If you want to rile up the natives of Foodlandia, there’s no better way than starting the deep-dish pizza argument (Is it a pizza? A casserole? An abomination unto the Lord?) yet again. Eater yesterday did that by getting Graham Elliot and David Posey of Blackbird, as well as Andrew Zimmern and New York’s Mathieu Palombino, to cast the usual aspersions; as Chicagoist noted, this comes, ironically, just as New Yorkers are flocking to a hot new deep-dish pizza place in their city, Emmett’s, which surely means that soon we’ll have Manhattan transplants to Chicago whining on social media that there’s nowhere to get a good New York-style deep dish in this backwater burg.

Coincidentally, I just happened to be planning to post a clip from the upcoming Key Ingredient shoot on the very subject of pizza orthodoxy. In this case, though, it’s coming from the other, thinnest end of the pizza spectrum. I was a bit surprised to learn during the shoot that Jeff Mahin of Stella Barra Pizzeria runs his pizza ovens at a temperature in the 500-degree range. That’s a home-oven temperature, and it’s been the rule for a few years now that trendy new pizza places want to follow the model of Neapolitan pizzerias in running upward of 700 or 800 degrees, a temperature that activates 00 flour and cooks a thin pizza in two to three minutes. Making a powerful case for the laissez-faire philosophy expressed by Vince Vaughn in Wedding Crashers—”It’s like pizza, baby, it’s good no matter what”—Mahin explains how they arrived at their own style of pizza (thicker, takes ten to 12 minutes), and why that’s just fine.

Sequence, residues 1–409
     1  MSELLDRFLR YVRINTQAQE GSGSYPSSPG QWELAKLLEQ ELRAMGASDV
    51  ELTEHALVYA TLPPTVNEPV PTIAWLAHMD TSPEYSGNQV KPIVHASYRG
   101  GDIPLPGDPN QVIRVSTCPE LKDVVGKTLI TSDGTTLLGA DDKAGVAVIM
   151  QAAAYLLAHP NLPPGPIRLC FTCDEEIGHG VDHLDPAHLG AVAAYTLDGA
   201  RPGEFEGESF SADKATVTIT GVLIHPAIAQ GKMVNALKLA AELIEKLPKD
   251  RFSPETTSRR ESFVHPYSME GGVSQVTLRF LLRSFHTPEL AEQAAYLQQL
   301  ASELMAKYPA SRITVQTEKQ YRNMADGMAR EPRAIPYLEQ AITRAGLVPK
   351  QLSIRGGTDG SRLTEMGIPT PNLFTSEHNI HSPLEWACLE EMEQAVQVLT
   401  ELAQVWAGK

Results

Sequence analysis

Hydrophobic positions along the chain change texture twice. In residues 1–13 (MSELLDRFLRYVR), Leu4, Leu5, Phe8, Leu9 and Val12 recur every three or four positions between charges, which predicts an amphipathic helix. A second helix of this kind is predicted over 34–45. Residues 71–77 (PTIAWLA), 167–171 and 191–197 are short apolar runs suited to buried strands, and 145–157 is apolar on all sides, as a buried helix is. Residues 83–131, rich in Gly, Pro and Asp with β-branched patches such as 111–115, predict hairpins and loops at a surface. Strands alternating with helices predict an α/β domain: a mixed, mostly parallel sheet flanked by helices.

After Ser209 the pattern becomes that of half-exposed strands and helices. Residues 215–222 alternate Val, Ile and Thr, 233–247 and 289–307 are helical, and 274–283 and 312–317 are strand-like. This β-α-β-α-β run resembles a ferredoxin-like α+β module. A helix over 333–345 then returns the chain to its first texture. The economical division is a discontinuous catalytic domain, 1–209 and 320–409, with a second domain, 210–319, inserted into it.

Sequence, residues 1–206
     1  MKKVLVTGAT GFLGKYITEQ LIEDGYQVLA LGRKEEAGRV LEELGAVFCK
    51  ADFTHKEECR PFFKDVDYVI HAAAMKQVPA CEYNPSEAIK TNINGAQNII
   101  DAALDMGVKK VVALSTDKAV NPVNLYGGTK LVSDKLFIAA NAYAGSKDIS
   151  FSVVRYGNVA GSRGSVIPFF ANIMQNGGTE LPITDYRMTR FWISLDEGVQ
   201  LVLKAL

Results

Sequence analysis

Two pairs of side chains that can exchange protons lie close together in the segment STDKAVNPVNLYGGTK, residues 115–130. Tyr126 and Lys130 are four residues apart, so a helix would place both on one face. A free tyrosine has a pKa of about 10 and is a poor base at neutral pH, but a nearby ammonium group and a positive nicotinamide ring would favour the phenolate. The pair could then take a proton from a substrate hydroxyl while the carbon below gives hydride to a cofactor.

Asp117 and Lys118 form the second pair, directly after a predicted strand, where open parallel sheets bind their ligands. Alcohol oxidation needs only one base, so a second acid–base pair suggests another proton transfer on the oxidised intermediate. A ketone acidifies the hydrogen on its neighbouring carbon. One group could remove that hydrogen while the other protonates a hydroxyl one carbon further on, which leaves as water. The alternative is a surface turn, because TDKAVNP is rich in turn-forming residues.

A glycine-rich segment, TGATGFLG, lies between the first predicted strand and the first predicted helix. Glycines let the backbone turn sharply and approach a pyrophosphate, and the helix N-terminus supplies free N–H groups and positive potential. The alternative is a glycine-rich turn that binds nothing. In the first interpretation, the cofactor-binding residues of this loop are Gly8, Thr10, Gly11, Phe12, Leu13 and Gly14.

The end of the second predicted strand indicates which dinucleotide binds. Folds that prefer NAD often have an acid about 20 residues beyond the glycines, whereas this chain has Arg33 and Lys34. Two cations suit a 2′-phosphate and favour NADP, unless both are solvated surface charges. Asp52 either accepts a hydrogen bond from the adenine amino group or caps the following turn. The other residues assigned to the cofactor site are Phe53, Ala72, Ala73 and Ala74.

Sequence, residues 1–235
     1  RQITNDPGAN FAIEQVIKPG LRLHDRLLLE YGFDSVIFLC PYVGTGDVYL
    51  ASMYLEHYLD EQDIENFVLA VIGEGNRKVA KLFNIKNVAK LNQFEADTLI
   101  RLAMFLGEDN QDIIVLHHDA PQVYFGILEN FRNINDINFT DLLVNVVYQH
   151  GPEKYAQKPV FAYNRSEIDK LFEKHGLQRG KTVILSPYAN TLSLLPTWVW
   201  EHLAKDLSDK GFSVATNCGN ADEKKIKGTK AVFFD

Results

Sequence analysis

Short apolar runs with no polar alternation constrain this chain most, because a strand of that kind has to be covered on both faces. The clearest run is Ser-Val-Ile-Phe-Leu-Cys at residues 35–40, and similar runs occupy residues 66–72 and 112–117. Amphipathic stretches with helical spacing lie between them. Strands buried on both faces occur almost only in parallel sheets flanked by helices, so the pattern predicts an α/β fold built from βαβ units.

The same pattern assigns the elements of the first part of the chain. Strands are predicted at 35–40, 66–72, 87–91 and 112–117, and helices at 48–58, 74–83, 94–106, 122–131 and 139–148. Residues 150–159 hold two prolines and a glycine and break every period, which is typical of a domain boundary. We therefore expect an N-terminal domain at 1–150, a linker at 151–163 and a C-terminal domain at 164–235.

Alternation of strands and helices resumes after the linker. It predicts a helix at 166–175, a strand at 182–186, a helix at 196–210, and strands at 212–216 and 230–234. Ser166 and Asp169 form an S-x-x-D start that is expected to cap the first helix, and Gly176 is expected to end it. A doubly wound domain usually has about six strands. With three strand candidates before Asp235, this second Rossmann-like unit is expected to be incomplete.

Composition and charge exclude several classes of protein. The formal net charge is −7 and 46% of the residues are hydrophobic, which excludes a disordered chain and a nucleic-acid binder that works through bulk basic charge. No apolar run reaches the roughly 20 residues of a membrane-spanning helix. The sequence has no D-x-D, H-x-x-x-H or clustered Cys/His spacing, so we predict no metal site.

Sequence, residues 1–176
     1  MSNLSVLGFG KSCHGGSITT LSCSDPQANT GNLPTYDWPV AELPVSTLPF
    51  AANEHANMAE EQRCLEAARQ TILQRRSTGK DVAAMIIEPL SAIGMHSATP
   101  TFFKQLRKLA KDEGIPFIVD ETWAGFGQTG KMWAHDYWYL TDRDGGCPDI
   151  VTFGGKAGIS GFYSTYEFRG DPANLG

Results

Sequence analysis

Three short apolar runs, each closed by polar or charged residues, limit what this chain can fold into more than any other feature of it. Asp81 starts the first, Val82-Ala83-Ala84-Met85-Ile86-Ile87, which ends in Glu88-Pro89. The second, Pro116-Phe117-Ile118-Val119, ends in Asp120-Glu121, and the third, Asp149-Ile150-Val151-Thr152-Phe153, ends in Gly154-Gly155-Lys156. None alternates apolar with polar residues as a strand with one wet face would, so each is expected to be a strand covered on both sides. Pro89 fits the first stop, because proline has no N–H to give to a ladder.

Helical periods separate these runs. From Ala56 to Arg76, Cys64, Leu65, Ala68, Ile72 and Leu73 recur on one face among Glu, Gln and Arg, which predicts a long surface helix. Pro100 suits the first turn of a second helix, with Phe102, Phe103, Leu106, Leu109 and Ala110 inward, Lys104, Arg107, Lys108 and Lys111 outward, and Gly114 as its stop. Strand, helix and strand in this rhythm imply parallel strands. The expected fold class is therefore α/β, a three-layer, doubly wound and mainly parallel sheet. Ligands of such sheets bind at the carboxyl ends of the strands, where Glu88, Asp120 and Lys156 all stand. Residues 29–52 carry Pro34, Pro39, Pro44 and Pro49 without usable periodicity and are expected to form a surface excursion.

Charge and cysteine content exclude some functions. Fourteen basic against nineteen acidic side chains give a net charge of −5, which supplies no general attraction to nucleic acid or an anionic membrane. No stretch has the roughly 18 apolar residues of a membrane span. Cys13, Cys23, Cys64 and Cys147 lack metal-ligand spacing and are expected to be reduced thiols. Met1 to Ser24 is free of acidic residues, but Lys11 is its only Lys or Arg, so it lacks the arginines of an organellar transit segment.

Watch him in the clip below the fold (which also offers a glimpse of him trying to teach me how to flip pizza in the air). The full episode will appear later in the week.

Jeff Mahin on Pizza from Michael Gebert on Vimeo.